Nevermind that we're eight years away from that threshold, the moaning has already begun in earnest. Educators are quick to throw lots of kids they don't think will be capable of ever becoming proficient under the bus. That nasty ol' NCLB is so unfair. It's an impossible standard.
Of course, what educators fail to tell you is that that 100% proficiency standard excludes up to 1% of students with significant cognitive disabilities who are permitted to take an alternate assessment under NCLB as Edweek reports ($):
Under federal rules for testing under the No Child Left Behind law, up to 1 percent of a district's or school's testing population can take alternate assessments and have their "proficient" or "advanced" scores count in the district's or school's calculation for showing adequate yearly progress' the law's key accountability measure. According to the federal government, those assessments must meet the same technical standards as other tests given by a state under the 4 ½-year-old law.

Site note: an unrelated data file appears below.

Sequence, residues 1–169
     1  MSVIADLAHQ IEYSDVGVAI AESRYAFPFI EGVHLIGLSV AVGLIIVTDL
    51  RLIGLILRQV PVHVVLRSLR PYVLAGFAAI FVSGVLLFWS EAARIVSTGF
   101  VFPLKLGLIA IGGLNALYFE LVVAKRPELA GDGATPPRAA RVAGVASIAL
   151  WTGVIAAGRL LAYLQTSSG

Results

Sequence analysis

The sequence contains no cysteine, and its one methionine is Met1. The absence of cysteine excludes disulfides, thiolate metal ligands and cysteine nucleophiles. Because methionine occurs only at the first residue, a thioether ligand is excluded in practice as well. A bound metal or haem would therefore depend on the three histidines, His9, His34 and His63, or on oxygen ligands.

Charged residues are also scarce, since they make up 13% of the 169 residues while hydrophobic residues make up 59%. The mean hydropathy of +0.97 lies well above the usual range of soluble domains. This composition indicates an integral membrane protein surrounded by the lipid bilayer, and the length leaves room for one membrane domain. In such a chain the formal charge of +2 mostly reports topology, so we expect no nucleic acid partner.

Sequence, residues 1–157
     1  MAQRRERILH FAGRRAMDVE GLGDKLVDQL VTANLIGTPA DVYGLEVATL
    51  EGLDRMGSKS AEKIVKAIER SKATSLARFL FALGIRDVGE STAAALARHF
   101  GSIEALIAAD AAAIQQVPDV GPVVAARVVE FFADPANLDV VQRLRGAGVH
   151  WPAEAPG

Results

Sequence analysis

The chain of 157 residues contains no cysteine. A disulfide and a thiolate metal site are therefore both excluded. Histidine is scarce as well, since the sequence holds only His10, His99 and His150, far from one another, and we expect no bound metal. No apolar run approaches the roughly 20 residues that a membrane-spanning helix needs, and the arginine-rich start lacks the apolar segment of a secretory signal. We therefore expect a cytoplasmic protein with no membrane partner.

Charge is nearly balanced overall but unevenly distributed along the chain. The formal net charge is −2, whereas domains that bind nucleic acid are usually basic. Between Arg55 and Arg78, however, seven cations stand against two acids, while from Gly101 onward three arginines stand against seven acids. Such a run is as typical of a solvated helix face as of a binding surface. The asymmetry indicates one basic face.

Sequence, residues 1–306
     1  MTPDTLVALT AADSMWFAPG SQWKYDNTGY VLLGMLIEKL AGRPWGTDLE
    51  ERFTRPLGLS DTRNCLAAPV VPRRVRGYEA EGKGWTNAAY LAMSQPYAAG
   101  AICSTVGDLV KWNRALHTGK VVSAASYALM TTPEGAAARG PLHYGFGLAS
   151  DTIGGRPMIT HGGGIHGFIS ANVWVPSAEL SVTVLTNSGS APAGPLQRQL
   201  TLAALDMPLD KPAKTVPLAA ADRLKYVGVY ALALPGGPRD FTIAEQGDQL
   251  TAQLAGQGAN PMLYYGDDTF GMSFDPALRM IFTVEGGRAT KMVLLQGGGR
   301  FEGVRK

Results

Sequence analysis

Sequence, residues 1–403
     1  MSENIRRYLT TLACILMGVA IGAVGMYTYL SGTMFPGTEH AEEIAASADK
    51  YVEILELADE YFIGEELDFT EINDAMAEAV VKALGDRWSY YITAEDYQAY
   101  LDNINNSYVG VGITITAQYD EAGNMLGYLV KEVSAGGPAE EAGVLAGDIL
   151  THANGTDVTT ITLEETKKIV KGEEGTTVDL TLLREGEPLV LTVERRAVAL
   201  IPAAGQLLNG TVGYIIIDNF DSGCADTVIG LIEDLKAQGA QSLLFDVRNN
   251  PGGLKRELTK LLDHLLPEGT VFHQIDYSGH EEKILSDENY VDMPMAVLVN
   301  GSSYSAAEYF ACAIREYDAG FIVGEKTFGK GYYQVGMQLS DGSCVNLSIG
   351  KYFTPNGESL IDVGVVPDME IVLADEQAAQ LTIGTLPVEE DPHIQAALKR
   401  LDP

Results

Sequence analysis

So where did the Feds come up with this paltry 1% exclusion? Did they just make it up? No, not exactly.
The department does say that research suggests no more than 1 percent of the student population "about 10 percent of all students with disabilities" should fall into that category.
I'm willing to bet that 1% doesn't include any kids with the bogus "learning disabilities" tag which school districts have used to throw kids they've mis-educated into the special-ed ghetto enabling them to collect government booty while simultaneously shirking their responsibility to educate.
The altenate assessment rule pre-dates NCLB. Of course, before NCLB it was routinely being ignored like many of the Fed's requirements for the money they were doling out:
First mandated with the 1997 reauthorization of the Individuals with Disabilities Education Act, alternate assessments were, in some states, tied to the individualized education program, or IEP, of the particular student. The fact that such students were being tested at all was considered more important than the quality of the tests, and the tests were not included in accountability measures.Now things have changed:
The No Child Left Behind law changed that, by requiring that all tests be included in accountability determinations and meet high technical standards. In December 2003, the Education Department issued regulations on the technical qualities such tests must meet in order for the results to count under the federal law.It is bitter medicine indeed for our educators who've grown accustomed to the institutionalized failure their faddish education techniques have caused.